Cared for from the Start

Immediately after “doing the drop,” your bag of donated clothing will be kept safe and secure in our lockable, waterproof containers. Pick-up times are set based on the volume of waste in each bin. 5,000 pounds of more clothing will also arrive in the truck at the end of the day, bringing the total weight of the truck to a total of 20,000 pounds. We only take clothing and footwear in our recycling bins, which are clearly marked. Our Give Back Box program is the finest method for donating non-clothing goods.

Processing the Clothes

In several of our facilities, we sort donated clothing for sale at our Thrift Center. As part of our volunteer work, we sort donated items for a local charity, such as a winter coat drive for the homeless. It is rare that any clothes are sorted before they are sent to us. More than 1,000 pounds of clothing are securely packed together in a protective fabric or plastic wrapper by the baling machine. These bales make it simpler to move the clothing from the storage facility to the ultimate destination and reduce transportation costs. Because of the high demand for the clothing, the bales may stay in the warehouse for a few days, but not longer.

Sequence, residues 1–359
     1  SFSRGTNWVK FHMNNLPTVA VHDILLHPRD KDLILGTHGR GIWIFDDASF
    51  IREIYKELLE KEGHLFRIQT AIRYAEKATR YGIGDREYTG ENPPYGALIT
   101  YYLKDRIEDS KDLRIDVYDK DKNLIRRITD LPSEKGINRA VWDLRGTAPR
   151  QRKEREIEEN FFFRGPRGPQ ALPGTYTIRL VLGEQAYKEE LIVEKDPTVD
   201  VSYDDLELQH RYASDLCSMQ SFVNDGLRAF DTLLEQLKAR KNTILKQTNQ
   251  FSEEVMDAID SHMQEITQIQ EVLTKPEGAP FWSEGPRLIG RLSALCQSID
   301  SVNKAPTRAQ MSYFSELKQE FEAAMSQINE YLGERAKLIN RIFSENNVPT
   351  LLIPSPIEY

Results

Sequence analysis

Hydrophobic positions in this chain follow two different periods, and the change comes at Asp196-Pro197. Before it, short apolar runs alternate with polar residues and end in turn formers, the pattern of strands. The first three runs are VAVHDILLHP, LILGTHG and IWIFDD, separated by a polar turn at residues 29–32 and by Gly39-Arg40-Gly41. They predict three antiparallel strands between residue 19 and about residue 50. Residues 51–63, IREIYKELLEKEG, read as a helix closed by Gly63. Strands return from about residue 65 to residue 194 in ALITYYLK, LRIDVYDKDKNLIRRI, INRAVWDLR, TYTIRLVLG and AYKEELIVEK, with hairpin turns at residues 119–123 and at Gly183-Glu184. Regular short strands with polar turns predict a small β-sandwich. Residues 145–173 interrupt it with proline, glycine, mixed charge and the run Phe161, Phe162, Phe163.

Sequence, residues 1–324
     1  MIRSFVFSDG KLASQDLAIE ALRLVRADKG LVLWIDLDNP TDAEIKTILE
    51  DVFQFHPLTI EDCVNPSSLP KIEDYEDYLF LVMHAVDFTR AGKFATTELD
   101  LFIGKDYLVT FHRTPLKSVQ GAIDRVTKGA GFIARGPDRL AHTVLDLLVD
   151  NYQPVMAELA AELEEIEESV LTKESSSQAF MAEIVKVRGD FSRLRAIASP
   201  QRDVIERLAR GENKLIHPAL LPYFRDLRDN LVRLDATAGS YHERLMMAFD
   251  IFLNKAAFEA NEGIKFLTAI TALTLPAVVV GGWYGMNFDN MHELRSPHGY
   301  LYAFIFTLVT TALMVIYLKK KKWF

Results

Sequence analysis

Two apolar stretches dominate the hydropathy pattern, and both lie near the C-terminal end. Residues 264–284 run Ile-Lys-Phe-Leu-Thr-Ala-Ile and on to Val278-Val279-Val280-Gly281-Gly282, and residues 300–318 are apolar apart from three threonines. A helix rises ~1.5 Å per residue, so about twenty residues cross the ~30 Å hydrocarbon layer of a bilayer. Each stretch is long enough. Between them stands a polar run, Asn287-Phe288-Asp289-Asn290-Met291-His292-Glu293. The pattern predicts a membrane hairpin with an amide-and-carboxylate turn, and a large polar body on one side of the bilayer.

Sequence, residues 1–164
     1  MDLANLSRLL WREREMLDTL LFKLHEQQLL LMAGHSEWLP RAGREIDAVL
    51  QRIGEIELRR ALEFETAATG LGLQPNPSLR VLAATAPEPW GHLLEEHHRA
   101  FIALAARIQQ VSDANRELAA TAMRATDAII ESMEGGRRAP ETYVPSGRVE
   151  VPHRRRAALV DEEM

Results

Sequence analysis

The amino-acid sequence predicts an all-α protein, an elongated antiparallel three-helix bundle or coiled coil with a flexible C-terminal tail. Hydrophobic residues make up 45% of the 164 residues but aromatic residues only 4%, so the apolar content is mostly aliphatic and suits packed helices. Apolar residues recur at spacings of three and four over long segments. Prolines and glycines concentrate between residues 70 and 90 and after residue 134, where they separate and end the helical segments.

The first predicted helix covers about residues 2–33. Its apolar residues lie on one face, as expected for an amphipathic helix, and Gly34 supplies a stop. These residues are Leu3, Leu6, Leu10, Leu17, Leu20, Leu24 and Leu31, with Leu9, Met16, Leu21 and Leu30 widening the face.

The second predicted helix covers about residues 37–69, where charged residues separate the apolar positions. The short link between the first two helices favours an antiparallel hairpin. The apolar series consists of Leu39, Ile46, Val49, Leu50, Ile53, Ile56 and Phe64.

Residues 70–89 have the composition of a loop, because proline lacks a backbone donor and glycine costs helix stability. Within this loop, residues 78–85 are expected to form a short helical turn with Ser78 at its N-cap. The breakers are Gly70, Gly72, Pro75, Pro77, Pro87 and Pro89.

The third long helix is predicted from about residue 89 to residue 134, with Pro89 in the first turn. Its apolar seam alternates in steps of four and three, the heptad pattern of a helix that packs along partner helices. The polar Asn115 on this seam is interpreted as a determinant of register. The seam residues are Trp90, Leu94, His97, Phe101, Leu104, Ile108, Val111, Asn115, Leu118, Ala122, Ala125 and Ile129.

Shipping Them Off

For domestic buyers, we pack the bales into trailers, while shipping containers are used for international customers, every single day of the week. These shipments can be sold to a “grading” or sorting company, a service that will sort the individual products according to type and quality. The majority of that high-quality clothing is sold to foreign clients, with a small amount going to domestic thrift retailers. High demand for used garments in poor nations and comparatively low demand for used textiles in the U.S. are to blame for this disparity between demand.